Bosses at Ipswich Museum have ordered a review into ‘problematic’ artefacts in the hope of ‘improving diversity’.
Staff at the venue, in Suffolk, have already labelled some of its artefacts as being ‘of questionable provenance’ and will now re-examine how it acquired some of its exhibits.
A newly approved plan promises new research into the history of the artefacts it holds, along with a re-examination of how came to possess them.
The document is also said to acknowledge that the people who visit the museum do not reflect the local ‘diverse’ demographic.
Ipswich Museum holds objects from around the world and its collections cover both human and natural history.
The review comes amid a wider national debate on Britain’s colonial past.
It was sparked by the Black Lives Matter protests last year, which saw the toppling of 18th century slave trader Edward Colston in Bristol.
Staff at Ipswich Museum – which is one of six sites run by the Colchester and Ipswich Museums Service – are said to have already identified some artefacts of ‘questionable provenance’.
Bosses at Ipswich Museum have ordered a review into ‘problematic’ artefacts in the hope of ‘improving diversity’
Staff at Ipswich Museum – which is one of six sites run by the Colchester and Ipswich Museums Service – are said to have already identified some artefacts of ‘questionable provenance’. Pictured: Artefacts from Nigeria which are on display at Ipswich Museum
The institution’s review was approved by the join museums committee of Ipswich and Colchester borough councils, according to the Local Democracy Reporting Service.
The review will also involve the Norman-era Colchester Castle and the nearby Hollytrees Museum, which is based at an 18th century house.
Ipswich Art Gallery and the museum Christchurch Mansion, which is based in a country home dating from the Tudor period, is also included.
Frank Hargrave, Colchester and Ipswich Museums manager, said: ‘It is about better engagement and improving diversity.
The gold death mask which was made for Roman citizen Titus Flavius Demetrius, who died in Egypt between AD 80-120. The mask is on display at Ipswich Museum. The mask was excavated by archaeologist Flinders Petrie at Hawara in Egypt in 1888
On Colchester and Ipswich Museums’ website, a message apologises for some of the ‘historic terminology’ used on its database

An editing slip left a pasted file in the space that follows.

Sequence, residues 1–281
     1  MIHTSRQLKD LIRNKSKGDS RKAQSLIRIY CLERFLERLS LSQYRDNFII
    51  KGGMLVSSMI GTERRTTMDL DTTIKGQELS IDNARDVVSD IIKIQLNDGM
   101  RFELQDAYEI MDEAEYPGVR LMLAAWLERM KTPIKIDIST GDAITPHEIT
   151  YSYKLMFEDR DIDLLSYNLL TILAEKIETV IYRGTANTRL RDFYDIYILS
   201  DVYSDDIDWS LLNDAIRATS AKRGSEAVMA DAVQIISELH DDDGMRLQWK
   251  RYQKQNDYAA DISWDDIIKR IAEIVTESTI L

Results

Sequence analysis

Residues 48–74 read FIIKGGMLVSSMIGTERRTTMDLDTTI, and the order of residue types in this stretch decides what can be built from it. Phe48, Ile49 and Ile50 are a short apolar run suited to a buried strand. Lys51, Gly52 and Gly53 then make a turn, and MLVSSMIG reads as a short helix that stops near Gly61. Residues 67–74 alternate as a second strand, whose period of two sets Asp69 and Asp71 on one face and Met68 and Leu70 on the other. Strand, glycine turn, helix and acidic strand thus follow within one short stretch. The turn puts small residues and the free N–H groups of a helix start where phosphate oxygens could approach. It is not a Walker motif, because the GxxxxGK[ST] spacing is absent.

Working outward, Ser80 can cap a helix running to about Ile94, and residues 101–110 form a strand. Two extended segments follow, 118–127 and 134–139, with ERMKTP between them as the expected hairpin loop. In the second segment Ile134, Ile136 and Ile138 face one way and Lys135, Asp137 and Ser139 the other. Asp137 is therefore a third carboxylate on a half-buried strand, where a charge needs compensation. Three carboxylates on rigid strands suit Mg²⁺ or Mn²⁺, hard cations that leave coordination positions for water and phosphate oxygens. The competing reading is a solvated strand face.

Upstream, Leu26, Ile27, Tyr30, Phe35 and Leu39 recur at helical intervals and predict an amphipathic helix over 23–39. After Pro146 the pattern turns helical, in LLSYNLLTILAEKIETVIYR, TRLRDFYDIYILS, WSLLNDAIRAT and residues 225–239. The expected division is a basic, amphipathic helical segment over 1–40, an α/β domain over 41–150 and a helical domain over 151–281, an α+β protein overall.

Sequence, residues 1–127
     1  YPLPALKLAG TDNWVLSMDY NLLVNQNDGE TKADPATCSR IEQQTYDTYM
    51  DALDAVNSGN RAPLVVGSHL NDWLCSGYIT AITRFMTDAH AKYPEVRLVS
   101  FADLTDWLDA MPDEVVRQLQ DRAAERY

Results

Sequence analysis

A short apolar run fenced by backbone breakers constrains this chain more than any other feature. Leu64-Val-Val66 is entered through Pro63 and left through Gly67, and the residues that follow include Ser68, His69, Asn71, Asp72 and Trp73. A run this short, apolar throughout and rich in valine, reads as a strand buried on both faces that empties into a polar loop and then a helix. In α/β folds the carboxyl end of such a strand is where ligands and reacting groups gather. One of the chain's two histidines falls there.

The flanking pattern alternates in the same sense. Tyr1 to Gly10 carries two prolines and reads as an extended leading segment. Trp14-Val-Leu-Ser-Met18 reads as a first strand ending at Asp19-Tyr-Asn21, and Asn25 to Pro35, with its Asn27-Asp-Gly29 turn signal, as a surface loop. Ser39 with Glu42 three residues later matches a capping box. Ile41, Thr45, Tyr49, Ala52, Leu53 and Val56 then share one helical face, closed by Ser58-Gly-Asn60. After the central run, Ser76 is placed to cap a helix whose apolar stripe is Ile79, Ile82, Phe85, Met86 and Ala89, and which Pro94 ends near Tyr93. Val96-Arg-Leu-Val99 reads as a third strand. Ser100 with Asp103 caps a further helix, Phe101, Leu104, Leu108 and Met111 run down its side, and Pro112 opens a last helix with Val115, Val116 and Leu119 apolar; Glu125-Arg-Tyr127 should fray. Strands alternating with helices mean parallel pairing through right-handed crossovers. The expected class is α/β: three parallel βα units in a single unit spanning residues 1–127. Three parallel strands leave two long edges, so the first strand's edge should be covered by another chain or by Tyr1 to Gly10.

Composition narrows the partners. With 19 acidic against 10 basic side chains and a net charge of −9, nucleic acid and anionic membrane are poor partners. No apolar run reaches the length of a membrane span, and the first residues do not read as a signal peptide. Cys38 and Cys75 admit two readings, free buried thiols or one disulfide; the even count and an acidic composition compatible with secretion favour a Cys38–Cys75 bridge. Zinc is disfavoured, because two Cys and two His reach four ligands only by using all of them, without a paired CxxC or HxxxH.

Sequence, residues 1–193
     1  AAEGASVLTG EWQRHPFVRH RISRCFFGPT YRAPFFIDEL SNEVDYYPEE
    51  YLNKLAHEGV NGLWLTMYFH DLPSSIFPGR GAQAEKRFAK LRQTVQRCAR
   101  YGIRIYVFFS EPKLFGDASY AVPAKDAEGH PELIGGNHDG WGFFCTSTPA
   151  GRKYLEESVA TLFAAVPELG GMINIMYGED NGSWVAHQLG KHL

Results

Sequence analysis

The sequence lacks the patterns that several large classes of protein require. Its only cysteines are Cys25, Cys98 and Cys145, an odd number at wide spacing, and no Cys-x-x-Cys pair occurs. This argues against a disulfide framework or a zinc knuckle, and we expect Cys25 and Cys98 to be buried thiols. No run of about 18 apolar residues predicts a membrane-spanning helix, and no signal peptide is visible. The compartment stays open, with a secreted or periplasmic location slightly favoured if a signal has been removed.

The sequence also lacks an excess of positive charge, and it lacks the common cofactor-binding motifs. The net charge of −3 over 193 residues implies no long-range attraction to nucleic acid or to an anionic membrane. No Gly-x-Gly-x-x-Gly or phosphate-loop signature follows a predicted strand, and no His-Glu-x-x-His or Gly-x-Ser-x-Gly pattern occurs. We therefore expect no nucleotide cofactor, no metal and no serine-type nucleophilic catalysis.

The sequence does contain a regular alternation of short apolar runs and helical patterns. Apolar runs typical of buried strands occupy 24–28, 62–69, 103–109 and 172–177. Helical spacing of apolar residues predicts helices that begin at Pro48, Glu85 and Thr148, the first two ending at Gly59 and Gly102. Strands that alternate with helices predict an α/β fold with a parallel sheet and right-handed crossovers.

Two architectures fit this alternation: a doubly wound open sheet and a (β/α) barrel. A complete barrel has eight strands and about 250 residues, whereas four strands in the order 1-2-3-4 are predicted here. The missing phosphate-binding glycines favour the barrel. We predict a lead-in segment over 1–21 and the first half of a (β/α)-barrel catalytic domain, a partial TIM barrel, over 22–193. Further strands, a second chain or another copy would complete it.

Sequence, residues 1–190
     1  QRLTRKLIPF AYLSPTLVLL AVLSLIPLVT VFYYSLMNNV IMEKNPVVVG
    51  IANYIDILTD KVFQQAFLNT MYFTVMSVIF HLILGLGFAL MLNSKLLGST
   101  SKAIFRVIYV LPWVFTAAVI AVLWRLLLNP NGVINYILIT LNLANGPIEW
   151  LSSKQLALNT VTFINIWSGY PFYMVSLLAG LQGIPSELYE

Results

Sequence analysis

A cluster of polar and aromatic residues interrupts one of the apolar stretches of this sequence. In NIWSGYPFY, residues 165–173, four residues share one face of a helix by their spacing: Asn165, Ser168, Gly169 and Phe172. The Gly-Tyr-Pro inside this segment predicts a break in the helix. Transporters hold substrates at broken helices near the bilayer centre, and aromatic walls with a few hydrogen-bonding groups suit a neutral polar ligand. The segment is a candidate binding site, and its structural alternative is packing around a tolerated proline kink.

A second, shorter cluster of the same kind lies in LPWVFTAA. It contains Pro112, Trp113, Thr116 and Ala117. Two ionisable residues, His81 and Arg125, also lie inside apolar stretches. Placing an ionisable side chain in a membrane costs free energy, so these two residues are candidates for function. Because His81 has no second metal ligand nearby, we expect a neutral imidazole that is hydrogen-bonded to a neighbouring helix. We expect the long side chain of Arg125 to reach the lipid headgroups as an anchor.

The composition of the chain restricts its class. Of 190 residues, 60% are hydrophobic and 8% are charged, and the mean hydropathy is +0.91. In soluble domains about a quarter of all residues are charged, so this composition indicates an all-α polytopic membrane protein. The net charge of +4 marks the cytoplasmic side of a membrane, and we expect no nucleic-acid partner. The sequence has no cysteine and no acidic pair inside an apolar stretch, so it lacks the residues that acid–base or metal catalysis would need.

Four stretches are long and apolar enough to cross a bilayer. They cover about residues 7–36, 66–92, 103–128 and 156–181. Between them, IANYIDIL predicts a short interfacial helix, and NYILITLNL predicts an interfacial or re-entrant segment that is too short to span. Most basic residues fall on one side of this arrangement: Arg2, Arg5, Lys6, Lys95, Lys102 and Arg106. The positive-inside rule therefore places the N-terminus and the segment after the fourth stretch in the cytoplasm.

‘It’s not about being unnecessarily provocative, it’s about finding long term solutions and working with people to find solutions without being tokenistic or overly antagonistic.
‘It is not about taking stories away or hiding things – we will be looking at the holdings of human remains and religious artefacts, as well as those acquired by those with imperial agendas of their time such as colonial officers, expedition captains and missionaries.’
On Colchester and Ipswich Museums’ website, a message apologises for some of the ‘historic terminology’ used on its database.
It says: ‘Historic terminology for cataloguing objects and belongings are recorded on this database and some of the language is discriminatory, offensive and upsetting.
‘We keep the historic terminology to allow us to see how people in the past perceived the world around them.
‘We are working towards ensuring voices other than the Museums are reflected in the database.’
Ipswich Museum holds objects from around the world and its collections cover both human and natural history
Earlier this month, the statue of slave trader Colston which was torn down in Bristol last year was put on display in the city.
It is now shown lying flat at the M Shed museum, alongside placards from the original protest and a timeline of events.
Art critic Alastair Sooke branded the public display a ‘partisan act’.
He said: ‘Dredged from the riverbed, Colston’s effigy has been kept out of sight in storage, like a disgraced celebrity awaiting trial. Colston lies flat, overturned like a vanquished chess piece.
‘Presented alongside BLM placards, he’s still covered with graffiti, too. According to the authorities, the display is only temporary, designed to canvas public opinion about what should happen to the statue.
‘Moreover, it would, they say, be too costly for now to stand Colston upright again safely – hence, his supine position.
‘But that strikes me as mealy-mouthed. Let’s not pretend that presenting the statue horizontally is impartial, when, really, it’s a partisan act,’ he told the Telegraph.
The bronze memorial to the 17th century merchant had stood in the city since 1895, but was pulled from its plinth during the demonstration on June 7 last year.
It was damaged as it was dragged through the city to the harbourside, where it was thrown in the water at Pero’s Bridge, which is named in honour of enslaved man Pero Jones who lived and died in the city.
Days later, the statue was recovered from the water by Bristol City Council.